The Legenday F4U Corsair as you have never seen it before

You may like warbirds or not, but this video is awesome.

The Vought F4U Corsair is probably one of the most famous American fighter planes ever.

More than 12,500 examples of this aircraft were manufactured by Vought beginning in 1940, with final delivery of 1953, in what is known as the longest production run of any piston-engined fighter in U.S. history.

The Corsair, designed to operate from the flight deck of U.S. aircraft carriers, saw service during the WWII, during which it initially mainly operated from land bases in the hands of U.S. Marine pilots because of issues with carrier landings: once these were solved, the F4U became the most capable carrier-based fighter-bomber of the conflict.

The Corsair flew also during the Korean War.

As mentioned before, it is one of the most famous warbirds ever: even my son knows this plane very well as its fame was boosted amoung younger generations by its participation in the Disney movie “Planes” that features a Corsair named “Skipper” among the leading characters.

The following video shows a civilian registered F4U-1 (NX83782), the oldest airworthy Corsair in the world, during the 2012 Planes of Fame Air Show fly by.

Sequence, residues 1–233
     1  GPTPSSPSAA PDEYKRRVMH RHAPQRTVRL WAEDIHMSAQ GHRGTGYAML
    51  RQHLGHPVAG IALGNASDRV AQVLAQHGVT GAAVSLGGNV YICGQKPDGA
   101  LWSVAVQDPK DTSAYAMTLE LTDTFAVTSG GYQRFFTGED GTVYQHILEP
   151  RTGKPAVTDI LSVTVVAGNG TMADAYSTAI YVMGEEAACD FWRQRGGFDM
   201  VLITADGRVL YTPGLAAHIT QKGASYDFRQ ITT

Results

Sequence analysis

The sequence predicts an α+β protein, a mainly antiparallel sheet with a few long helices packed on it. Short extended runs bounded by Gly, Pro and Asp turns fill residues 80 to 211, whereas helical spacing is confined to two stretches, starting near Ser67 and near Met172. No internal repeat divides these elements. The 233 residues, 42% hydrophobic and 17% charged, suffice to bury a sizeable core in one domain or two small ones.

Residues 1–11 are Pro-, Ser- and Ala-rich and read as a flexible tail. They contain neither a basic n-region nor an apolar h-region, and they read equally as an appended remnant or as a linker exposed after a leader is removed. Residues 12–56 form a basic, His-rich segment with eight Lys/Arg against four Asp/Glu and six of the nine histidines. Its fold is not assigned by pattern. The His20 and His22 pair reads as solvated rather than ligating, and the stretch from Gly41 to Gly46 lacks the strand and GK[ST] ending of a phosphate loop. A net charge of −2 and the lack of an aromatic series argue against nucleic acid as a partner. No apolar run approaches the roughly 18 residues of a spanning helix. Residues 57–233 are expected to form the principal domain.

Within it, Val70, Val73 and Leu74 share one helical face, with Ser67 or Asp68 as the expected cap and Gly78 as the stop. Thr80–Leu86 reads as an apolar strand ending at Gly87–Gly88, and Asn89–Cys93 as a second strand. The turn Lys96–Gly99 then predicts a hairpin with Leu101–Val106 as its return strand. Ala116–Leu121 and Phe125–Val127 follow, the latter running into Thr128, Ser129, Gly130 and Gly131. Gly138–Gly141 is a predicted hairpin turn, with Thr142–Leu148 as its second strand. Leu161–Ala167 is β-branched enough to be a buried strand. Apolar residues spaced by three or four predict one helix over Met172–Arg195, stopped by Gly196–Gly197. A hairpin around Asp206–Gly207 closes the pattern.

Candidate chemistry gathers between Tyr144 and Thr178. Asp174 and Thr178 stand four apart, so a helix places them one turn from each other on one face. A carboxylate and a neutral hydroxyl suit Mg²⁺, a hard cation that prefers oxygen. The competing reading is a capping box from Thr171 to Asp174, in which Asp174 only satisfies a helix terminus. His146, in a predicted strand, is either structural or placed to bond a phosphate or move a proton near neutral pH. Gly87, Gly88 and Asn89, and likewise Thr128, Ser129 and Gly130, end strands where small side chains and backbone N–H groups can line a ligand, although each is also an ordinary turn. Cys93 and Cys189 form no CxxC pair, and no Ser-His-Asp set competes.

About David Cenciotti 3755 Articles
David Cenciotti is a freelance journalist based in Rome, Italy. He is the Founder and Editor of “The Aviationist”, one of the world’s most famous and read military aviation blogs. Since 1996, he has written for major worldwide magazines, including Air Forces Monthly, Combat Aircraft, and many others, covering aviation, defense, war, industry, intelligence, crime and cyberwar. He has reported from the U.S., Europe, Australia and Syria, and flown several combat planes with different air forces. He is a former 2nd Lt. of the Italian Air Force, a private pilot and a graduate in Computer Engineering. He has written four books.